Natalie: I don’t think it’s intentional sometimes, I think it’s just that people [15:15 inaudible] and they think like that and so when they’re thinking about their list they’re going, oh, I’ll invite Chris and I’ll invite so-and-so. It’s the people that come to their head and unless they proactively have a metric and what they say about measuring the right things and this isn’t just about headcount and quotas, it’s actually about innovation and it’s about reaching your customers with the right message. If you’re only thinking about it from your own point of view, so I don’t want to just market to women because actually, I need hero makers who are employers, who are going to empower women and position women. So, when I’m writing my copy or doing my events marketing, I’m thinking about who my stakeholders are and so it’s just a simple business thing. It’s a comfort thing, just going to the people that we know, I think it’s just highlighting it, so you do the right thing by highlighting it, hopefully, they will then think next time actually.


Will: Yeah. I was wondering if anyone else thought about it. The reason why I think about it is I’ve got a colleague of mine that talks about it quite a lot in a good way as far as I’m concerned. I don’t think I would have thought about it as much if Emma didn’t speak about it and we talk about it in office now and we’re very conscious of when we’re employing people and who are employing, etc. It doesn’t matter so much in sustainability because in actual fact we’re slightly more on the woman side anyway in the environmental and sustainability sector, to be honest with you.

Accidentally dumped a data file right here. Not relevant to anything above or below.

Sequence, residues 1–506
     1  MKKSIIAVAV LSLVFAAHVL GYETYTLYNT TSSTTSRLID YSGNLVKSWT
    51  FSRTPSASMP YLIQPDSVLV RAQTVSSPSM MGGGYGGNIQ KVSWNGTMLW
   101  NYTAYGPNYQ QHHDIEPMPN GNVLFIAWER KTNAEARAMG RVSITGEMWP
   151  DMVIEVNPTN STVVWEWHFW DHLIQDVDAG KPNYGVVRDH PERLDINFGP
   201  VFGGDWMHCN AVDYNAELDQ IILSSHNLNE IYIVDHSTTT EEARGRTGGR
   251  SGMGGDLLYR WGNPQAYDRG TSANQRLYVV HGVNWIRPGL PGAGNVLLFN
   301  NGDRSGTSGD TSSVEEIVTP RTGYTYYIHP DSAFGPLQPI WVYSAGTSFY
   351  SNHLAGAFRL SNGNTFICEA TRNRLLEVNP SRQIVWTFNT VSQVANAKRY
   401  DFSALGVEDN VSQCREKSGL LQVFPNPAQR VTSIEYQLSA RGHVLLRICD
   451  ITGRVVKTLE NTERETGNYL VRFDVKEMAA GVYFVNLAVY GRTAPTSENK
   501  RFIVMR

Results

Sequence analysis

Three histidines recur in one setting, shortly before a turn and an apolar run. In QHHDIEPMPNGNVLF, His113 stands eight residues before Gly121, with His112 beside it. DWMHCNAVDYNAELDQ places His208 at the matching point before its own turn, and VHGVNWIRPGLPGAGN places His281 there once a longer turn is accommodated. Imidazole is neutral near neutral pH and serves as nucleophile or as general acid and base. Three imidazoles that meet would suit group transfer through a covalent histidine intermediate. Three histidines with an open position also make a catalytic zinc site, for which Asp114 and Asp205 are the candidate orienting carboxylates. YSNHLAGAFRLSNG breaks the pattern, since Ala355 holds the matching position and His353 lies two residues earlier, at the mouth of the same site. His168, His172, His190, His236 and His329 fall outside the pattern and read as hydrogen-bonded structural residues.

Natalie: Really? That’s interesting.


Will: Yeah, I think it’s a more, it’s probably not PC save, it’s probably more of an effeminate job partly probably because of empathy and partly because you’re thinking about other people and we’re doing this to better the planet for our future generations. That’s what we’re driving forward, so maybe that’s it, I don’t know. 


Natalie: I think you’re right and it actually gives us a tiny bit of confirmation to one of my theories is that if we empower these women in these positions, we’ll get a mothered earth. So, it’s actually something that I believe, I guess it’s proven a little bit that we think, and this isn’t the case for everything, but we have a natural nurturing. It’s okay to say that, men are nurturing too, yes men are nurturing too, but I think that generation after generation after generation of our mothers, and up till now it’s been very much the case that our mothers are the ones who do the nurturing in the family. Going back to even when I was a kid, my dad, I don’t think he ever took me to school and that was very common, my mom cooked the dinner, my mom did all these things. My dad was a lovely guy, but he was a soldier, he’s like, I’m out there fighting and I’m doing this for the world and for my family and so your job is the nurturing. I think they’re still rolls for that and you can swap them, in fact, my husband and I have swapped at the moment and it has taken us about a year to get there. Now my daughter doesn’t have happy faces and potato waffles for dinner on the same plate, so we’re making progress. It’s taking a while to swap those natural roles, so I think that’s okay to say, I’ll probably get shot for this, but I think that’s the truth.